Dr Nihal Jayawickrama
The President appears to believe that he still possesses the full executive powers he derived from the Constitution when he was elected to his office in January 2015. Three months later, he sat during a tumultuous session in Parliament and witnessed the passage of the 19th Amendment to the Constitution, introduced by the Government of which he was the Head. That Amendment removed all his executive powers except three which he still enjoys: the power to appoint ambassadors, the power to appoint ministry secretaries, and the power to appoint provincial governors. Even these cannot be exercised by him unilaterally. For example, the Foreign Minister has to seek the “agreement” of the receiving state before he could name an ambassador. Why didn’t they tell him that?
The President believes that he has the power to remove the Prime Minister. Yes, he had that power, but once upon a time. The 19th Amendment explicitly repealed that power. Why didn’t they tell him that?
The President believes that he can decline to appoint as Prime Minister the Member of Parliament who “is most likely to command the confidence of Parliament” even after an absolute parliamentary majority has identified such a Member. Why? Because he does not like him and thinks he cannot work with him. The Constitution does not state that the President must like, love or adore such Member. The Prime Minister is not the President’s employee. Why didn’t they tell him that?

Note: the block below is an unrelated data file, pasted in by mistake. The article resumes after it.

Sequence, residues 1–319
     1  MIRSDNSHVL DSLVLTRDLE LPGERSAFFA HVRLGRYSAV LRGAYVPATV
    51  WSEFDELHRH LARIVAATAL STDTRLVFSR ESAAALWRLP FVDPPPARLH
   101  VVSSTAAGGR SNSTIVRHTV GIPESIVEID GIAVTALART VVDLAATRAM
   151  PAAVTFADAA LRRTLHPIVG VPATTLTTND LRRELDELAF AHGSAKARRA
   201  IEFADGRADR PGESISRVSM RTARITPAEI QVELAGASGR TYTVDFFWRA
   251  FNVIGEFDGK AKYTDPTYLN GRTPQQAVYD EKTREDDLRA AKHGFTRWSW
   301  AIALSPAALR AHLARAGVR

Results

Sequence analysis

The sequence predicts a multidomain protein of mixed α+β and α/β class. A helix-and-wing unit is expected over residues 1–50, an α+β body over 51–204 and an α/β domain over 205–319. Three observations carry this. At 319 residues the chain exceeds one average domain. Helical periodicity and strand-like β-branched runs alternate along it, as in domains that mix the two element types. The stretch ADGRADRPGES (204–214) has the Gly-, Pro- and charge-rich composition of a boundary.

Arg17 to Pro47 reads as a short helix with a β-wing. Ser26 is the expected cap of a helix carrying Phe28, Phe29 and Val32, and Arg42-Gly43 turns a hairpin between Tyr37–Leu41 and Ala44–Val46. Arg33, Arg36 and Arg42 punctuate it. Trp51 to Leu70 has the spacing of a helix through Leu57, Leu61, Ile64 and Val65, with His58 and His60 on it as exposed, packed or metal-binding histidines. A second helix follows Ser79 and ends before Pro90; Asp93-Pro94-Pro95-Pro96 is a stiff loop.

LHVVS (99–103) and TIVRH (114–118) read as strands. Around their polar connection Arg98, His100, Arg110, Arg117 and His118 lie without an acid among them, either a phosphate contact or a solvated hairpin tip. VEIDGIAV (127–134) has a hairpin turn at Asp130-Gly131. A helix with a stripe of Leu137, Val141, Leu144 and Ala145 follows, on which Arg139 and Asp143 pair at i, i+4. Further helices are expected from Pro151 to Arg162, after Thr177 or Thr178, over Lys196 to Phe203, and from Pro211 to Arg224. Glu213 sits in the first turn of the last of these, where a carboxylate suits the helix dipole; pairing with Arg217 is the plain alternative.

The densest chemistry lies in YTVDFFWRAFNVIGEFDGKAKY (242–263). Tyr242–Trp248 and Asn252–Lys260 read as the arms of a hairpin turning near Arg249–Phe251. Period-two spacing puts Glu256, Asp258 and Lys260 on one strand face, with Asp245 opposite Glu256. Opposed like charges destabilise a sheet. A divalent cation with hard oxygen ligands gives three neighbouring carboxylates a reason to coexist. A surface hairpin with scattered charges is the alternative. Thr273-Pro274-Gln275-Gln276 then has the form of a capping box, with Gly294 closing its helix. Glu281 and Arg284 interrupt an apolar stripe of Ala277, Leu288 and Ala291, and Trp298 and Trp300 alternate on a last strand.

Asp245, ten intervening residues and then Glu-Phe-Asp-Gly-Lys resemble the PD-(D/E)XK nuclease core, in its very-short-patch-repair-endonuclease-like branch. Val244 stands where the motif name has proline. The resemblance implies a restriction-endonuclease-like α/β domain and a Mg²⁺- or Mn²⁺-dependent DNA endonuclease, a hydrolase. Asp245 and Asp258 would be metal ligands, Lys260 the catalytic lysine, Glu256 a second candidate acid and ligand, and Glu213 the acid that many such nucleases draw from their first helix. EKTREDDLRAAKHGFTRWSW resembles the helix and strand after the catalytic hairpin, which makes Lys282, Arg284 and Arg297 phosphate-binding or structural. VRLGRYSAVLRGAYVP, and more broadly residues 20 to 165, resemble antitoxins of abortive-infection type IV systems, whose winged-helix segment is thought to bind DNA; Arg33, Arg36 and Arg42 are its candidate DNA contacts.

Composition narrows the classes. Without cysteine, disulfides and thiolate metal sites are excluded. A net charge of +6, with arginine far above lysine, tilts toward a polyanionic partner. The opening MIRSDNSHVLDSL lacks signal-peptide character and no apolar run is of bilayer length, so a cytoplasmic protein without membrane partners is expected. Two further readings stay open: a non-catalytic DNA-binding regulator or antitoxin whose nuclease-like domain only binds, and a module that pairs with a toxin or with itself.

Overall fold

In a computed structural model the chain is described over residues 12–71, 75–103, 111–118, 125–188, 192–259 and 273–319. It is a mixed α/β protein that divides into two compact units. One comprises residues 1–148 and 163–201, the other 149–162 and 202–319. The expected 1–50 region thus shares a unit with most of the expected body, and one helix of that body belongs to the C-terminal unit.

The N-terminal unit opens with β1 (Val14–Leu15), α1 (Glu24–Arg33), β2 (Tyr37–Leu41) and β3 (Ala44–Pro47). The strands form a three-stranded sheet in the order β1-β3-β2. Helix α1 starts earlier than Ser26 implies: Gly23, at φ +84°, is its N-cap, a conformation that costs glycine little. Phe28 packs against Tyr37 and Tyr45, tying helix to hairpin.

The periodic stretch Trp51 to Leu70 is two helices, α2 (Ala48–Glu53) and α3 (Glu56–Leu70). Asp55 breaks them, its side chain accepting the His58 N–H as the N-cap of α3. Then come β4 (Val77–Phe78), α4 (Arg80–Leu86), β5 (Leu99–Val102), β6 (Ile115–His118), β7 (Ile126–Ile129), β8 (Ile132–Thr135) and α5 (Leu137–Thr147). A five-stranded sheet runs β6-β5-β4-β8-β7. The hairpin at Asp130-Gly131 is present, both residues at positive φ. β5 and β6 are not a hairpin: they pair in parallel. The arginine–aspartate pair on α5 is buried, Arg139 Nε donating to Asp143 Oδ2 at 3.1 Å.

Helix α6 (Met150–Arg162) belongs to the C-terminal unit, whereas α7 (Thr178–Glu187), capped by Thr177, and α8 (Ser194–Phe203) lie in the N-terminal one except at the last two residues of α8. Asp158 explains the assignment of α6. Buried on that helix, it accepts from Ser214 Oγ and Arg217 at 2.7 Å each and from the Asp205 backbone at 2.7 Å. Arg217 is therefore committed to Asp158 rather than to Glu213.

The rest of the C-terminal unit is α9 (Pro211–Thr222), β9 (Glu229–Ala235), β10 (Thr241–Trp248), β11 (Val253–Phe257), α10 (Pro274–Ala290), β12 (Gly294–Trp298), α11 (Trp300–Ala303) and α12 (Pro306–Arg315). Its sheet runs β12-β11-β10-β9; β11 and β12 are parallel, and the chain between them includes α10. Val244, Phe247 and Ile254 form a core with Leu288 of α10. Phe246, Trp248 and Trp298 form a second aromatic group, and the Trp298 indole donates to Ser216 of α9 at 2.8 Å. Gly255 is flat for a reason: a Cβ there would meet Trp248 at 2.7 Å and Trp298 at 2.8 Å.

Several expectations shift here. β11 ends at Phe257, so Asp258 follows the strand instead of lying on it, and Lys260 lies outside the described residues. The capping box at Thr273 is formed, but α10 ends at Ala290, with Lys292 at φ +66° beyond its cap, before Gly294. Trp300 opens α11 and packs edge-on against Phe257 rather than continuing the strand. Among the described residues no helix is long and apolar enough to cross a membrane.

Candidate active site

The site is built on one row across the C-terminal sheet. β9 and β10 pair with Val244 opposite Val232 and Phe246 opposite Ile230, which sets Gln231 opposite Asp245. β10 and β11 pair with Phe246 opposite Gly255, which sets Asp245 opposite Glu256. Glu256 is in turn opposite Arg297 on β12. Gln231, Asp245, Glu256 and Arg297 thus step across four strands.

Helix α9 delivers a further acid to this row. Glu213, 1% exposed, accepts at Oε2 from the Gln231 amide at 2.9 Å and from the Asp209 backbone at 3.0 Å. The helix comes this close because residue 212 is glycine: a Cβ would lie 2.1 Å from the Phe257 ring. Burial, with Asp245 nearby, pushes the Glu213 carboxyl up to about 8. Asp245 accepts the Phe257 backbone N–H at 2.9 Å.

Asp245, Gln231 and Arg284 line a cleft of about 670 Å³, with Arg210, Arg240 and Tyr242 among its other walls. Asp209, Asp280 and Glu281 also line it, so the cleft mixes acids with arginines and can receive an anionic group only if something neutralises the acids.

The President is required to determine the number of Ministers, but the 19th Amendment says that the total number of Ministers shall not exceed thirty. The number that the President determined in August 2015 was well in excess of that. He could have exceeded that number only if the party that secured the highest number of seats in Parliament formed a “National Government”. A National Government is defined in the 19th Amendment as a Government formed by such party “together with the other recognized political parties”. A UNF- UPFA Government (leaving out the TNA, JVP, etc) is a coalition government, not a National Government. Why didn’t they tell him that?
The President believes that he can change the composition of the Cabinet. There was a time when he could have done that. However, the 19th Amendment states that a Minister or Deputy Minister may be removed from office “under the hand of the President on the advice of the Prime Minister”. Therefore, the process of removing a Minister or Deputy Minister now must be initiated by the Prime Minister, and it is only on the Prime Minister’s advice that the President can make a removal order or change the composition of the Cabinet. Why didn’t they tell him that?